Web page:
Q. How do you tell a man that sex lasting less than two minutes — and sometimes less than one minute — is not satisfying in any way, shape, or form? I love him and I don’t want to hurt his ego. We are in our early 40s. I honestly don’t know if he realizes this is an issue, or if he thinks that this is normal and that sex in the movies, which takes longer, is just make-believe.
A. It sounds as though your man has premature ejaculation. This is, in part a medical problem — and the good news is that it can be treated. As many as a third of men experience this at some time in their lives. Typically, women take longer to have an orgasm anyway, with only about 20 percent able to have an orgasm from intercourse alone. So there is a biological mismatch built into the system.
There seems to be a biological component to premature ejaculation, with some men predisposed to it. Psychological factors — anxiety, worries, and depression — also play a big part. Generally, as men get older, it takes them longer to ejaculate, so this problem sometimes rectifies itself. But there’s no reason to wait.
Like you, many women do not discuss their sexual needs or desires; they worry they will hurt their partners’ egos. But, in fact, their dissatisfaction with the sexual relationship and their discomfort communicating directly with their partners are far more likely to lead to problems over the long haul.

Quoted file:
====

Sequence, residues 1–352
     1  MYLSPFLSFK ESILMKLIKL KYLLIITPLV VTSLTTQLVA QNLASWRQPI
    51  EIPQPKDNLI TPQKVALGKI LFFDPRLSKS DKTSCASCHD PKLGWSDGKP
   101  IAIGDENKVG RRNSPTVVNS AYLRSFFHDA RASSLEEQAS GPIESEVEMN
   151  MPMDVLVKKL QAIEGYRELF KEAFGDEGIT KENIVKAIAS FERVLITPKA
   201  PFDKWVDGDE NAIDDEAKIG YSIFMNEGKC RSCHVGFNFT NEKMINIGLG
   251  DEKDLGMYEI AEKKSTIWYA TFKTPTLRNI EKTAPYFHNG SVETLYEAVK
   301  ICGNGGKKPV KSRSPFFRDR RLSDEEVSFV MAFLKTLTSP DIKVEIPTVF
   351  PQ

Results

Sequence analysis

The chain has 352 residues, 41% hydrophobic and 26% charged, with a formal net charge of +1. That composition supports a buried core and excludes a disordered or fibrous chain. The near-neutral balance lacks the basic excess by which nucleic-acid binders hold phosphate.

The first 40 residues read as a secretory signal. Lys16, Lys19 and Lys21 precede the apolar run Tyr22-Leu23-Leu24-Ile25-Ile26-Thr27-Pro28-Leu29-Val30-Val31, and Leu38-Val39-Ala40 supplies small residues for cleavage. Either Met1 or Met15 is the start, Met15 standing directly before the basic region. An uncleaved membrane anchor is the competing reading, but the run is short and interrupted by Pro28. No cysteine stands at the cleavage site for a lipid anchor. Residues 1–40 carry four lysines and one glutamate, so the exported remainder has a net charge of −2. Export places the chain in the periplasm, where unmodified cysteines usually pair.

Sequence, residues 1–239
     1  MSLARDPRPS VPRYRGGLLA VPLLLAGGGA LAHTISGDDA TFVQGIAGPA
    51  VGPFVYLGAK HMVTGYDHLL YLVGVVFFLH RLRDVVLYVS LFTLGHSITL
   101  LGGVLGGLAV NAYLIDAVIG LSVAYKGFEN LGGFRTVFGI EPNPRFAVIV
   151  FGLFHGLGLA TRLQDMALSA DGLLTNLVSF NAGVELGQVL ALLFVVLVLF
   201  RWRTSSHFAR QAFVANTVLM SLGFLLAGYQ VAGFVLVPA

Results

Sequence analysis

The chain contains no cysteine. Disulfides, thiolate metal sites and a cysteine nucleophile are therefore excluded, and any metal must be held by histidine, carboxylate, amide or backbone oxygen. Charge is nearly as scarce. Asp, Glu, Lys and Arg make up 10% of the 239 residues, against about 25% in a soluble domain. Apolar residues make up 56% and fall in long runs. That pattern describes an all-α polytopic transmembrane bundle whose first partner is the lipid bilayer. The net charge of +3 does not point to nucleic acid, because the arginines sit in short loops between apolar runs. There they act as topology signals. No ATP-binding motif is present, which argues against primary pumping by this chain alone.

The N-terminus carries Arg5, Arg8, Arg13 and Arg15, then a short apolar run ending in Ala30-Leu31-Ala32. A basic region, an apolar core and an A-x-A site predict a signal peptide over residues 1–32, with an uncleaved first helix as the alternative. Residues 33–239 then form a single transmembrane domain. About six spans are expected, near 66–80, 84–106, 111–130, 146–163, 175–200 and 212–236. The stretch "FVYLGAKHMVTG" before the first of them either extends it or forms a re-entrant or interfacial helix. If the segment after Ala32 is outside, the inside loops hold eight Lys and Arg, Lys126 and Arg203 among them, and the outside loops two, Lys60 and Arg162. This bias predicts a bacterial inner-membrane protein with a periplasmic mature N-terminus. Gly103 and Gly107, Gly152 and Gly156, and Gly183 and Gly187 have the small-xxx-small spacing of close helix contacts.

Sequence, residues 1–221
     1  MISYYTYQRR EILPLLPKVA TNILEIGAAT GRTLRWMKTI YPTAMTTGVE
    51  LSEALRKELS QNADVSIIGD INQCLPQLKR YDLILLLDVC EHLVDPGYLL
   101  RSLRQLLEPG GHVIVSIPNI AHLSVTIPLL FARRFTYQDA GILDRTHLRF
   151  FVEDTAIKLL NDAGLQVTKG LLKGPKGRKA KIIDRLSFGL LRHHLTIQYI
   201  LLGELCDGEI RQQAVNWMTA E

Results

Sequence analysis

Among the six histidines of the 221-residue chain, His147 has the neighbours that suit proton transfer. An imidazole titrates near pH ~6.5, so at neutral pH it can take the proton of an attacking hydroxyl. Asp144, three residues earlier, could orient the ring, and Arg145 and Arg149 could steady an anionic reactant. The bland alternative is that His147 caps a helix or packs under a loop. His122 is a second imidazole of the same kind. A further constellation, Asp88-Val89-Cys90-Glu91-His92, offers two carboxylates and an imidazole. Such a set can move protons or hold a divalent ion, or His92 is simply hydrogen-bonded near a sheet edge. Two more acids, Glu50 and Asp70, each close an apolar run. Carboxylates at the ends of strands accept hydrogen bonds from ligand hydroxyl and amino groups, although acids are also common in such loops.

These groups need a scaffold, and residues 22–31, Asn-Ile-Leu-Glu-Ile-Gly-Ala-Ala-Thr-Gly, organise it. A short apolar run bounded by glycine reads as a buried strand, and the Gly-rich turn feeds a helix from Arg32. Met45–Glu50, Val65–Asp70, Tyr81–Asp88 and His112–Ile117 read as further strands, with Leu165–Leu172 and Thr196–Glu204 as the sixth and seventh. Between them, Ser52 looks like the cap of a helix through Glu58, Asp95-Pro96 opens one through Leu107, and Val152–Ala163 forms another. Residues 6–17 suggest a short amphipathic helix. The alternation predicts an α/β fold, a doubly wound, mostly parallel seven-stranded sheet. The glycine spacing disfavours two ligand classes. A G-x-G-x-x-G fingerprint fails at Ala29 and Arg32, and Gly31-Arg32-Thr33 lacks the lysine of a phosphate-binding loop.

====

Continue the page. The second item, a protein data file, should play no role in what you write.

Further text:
I suggest you approach the problem in a diplomatic way, bringing it up at a non-sexual moment, like when you are driving in the car or eating breakfast. You can say, “I enjoy sex with you so much I would like it to go on longer.”
You also can suggest ways that you and your partner can extend your lovemaking. He could wear condoms that decrease his sensation or he could apply numbing creams. (These are available over the counter.)
Some techniques in bed can also help control premature ejaculation. The most common ones — the stop-start method and the squeeze method — are basically self explanatory. The idea is for your partner to stop before he reaches the point of inevitability. Some sexual positions, like the man lying on his back, can also delay his climax. If you need more details, you can read about these techniques on the Web, or get guidance from a certified sex therapist.
You should not ignore this problem. If you do, you will end up highly unhappy in this relationship. And, despite your fear discussing this with him, it’s likely he will be relieved that you are acknowledging this situation and are discussing it with him. In the meantime, he also can stimulate you in other ways — manually, orally or with a vibrator.
Dr. Gail’s bottom line: Premature ejaculation is very common, but you need to broach the subject in order to deal with it.
Dr. Gail Saltz is a psychiatrist with New York Presbyterian Hospital and a regular contributor to “Today.” Her latest book, "Amazing You! Getting Smart About Your Private Parts" (Penguin), helps parents deal with preschoolers' questions about sex and reproduction. Her first book, “Becoming Real: Overcoming the Stories We Tell Ourselves That Hold Us Back,” was published in 2004 by Riverhead Books. It is now available in a paperback version. For more information, you can visit her Web site, .